From the Book of Sirach:
Then the singers praised [God] with their voices
in sweet and full-toned melody.
And the people of the Lord Most High offered
their prayers before the Merciful One,
until the order of worship of the Lord was ended,
and they completed his ritual.
(From the Daily Office Lectionary – Sirach 50:18-19 – November 9, 2012)
Chapter 50 of Ben Sira’s book is a description of a temple liturgy led by “the high priest, Simon son of Onias.” (v. 1) It is filled with poured-out wine, sumptuous vestments, the shouting of priests, the blowing of trumpets, the people falling on their faces. Not the sort of ho-hum run-of-the-mill worship service one finds in most Christian churches these days.
A committee in my parish is studying the whys and wherefores of worship, what we do, how and why we do it, how we might do it better. Music, to which these verses briefly refer, has been an on-going topic of discussion. Tastes in music vary, emotions around music are passionate, commitments to one style or another are rock-solid.
“Open the gates of hell,” a clergy colleague once quipped, “and out will march an army of music directors!” I’ve never had any conflict with the music directors with whom I’ve served, but I know clergy who have. I’ve heard tales of such conflicts from both sides, from musician friends and from clergy colleagues. Battles between clergy and musicians are not uncommon. Battles between worship leaders and congregations about music are also not uncommon. Changing, or even supplementing, a congregation’s musical repertoire is something to be approached with fear and trembling.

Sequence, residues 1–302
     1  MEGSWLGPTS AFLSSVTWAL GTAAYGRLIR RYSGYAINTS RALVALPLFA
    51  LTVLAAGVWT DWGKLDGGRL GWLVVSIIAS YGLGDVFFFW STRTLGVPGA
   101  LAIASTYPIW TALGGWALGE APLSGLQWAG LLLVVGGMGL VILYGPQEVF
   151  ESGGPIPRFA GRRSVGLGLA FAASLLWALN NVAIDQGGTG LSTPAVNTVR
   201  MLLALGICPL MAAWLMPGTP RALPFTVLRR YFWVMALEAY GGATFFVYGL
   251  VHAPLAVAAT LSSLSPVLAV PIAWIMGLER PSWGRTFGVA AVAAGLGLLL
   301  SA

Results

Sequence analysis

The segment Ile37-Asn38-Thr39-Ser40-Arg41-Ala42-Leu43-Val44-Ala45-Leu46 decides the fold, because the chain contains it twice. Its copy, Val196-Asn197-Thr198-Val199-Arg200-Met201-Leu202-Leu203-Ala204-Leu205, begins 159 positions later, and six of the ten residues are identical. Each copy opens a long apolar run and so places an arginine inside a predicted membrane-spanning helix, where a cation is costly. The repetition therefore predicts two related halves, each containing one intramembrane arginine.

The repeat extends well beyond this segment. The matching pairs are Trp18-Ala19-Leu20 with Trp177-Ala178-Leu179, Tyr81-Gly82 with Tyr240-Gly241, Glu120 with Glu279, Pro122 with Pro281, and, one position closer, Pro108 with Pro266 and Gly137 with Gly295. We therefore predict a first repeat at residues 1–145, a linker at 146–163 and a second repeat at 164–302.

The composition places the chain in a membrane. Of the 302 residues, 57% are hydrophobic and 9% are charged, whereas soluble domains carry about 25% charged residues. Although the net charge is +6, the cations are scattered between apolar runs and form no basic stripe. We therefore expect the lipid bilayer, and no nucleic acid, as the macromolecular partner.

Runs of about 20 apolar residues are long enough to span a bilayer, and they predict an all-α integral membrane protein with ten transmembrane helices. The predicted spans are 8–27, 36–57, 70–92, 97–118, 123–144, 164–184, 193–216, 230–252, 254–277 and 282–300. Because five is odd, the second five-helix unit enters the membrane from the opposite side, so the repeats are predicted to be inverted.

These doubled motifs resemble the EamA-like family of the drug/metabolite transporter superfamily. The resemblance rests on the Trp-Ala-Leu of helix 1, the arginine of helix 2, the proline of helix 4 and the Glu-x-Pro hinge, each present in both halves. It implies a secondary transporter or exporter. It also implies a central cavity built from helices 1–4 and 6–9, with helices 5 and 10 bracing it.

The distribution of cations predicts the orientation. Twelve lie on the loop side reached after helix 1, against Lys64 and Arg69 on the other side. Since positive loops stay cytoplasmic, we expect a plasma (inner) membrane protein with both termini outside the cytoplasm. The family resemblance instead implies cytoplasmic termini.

The purpose of music in worship is to bring glory to God; therefore, the hymns the congregation sings, and the anthems the choirs prepare, should be centered on God, aesthetically pleasing, and thoughtful. The musicians and choristers should be technically competent and well-rehearsed. The chief instrument in the worship of God should be the human voice. It is the one instrument we have in common and it is capable of great beauty and resonance. But the use of musical instruments should not be shunned; the Scriptures are filled with references to trumpets and horns, stringed instruments, drums, and other instruments. These add beauty and diversity to our songs. The style of music or the type of instrumentation does not matter; vibrancy, depth, and quality of performance do (at least for the anthems or other “performance pieces” that may be offered). For songs with words, whether performed by the choir or sung by the congregation, the theological content of the lyrics should also be of concern.
Some congregations are great at singing hymns; in other churches, only a few people dare to open their mouths. This is a great sadness. Everyone has a voice that was given them by God and God expects that voice to be used. In a former parish, we hung a sign in our entryway – “If you can’t sing good, sing loud!” – we invited everyone to sing. Whatever flaws our individual voices may have, when they are raised together in song those flaws disappear. When the Body of Christ sings, when every voice is lifted, the effect is wonderful and, I’m sure, pleasing to God. St. Augustine of Hippo is often quoted as having said “He who sings, prays twice.” Singing is much to be encouraged.
So, as that great and wonderful hymn by James Weldon Johnson says, “lift every voice and sing ’til earth and heaven ring!”
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Father Funston is the rector of St. Paul’s Episcopal Church, Medina, Ohio.
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